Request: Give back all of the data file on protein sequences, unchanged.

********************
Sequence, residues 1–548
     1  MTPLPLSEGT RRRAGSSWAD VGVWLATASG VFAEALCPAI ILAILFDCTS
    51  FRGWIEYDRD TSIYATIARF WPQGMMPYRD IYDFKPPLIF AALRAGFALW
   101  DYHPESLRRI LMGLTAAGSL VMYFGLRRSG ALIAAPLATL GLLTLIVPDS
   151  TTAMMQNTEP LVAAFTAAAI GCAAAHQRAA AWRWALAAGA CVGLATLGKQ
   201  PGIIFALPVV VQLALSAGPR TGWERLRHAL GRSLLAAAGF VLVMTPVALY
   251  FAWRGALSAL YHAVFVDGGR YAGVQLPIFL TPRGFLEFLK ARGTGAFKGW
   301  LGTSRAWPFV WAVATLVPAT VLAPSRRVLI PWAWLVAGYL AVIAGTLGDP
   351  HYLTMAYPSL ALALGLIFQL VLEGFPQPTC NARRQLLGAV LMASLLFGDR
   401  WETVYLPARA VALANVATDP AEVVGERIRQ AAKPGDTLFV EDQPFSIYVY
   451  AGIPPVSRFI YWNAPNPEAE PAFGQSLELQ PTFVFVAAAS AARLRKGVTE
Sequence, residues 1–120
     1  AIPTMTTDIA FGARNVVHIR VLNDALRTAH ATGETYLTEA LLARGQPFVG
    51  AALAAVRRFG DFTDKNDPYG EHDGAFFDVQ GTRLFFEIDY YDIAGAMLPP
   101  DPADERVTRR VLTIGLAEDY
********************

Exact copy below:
Sequence, residues 1–548
     1  MTPLPLSEGT RRRAGSSWAD VGVWLATASG VFAEALCPAI ILAILFDCTS
    51  FRGWIEYDRD TSIYATIARF WPQGMMPYRD IYDFKPPLIF AALRAGFALW
   101  DYHPESLRRI LMGLTAAGSL VMYFGLRRSG ALIAAPLATL GLLTLIVPDS
   151  TTAMMQNTEP LVAAFTAAAI GCAAAHQRAA AWRWALAAGA CVGLATLGKQ
   201  PGIIFALPVV VQLALSAGPR TGWERLRHAL GRSLLAAAGF VLVMTPVALY
   251  FAWRGALSAL YHAVFVDGGR YAGVQLPIFL TPRGFLEFLK ARGTGAFKGW
   301  LGTSRAWPFV WAVATLVPAT VLAPSRRVLI PWAWLVAGYL AVIAGTLGDP
   351  HYLTMAYPSL ALALGLIFQL VLEGFPQPTC NARRQLLGAV LMASLLFGDR
   401  WETVYLPARA VALANVATDP AEVVGERIRQ AAKPGDTLFV EDQPFSIYVY
   451  AGIPPVSRFI YWNAPNPEAE PAFGQSLELQ PTFVFVAAAS AARLRKGVTE
Sequence, residues 1–120
     1  AIPTMTTDIA FGARNVVHIR VLNDALRTAH ATGETYLTEA LLARGQPFVG
    51  AALAAVRRFG DFTDKNDPYG EHDGAFFDVQ GTRLFFEIDY YDIAGAMLPP
   101  DPADERVTRR VLTIGLAEDY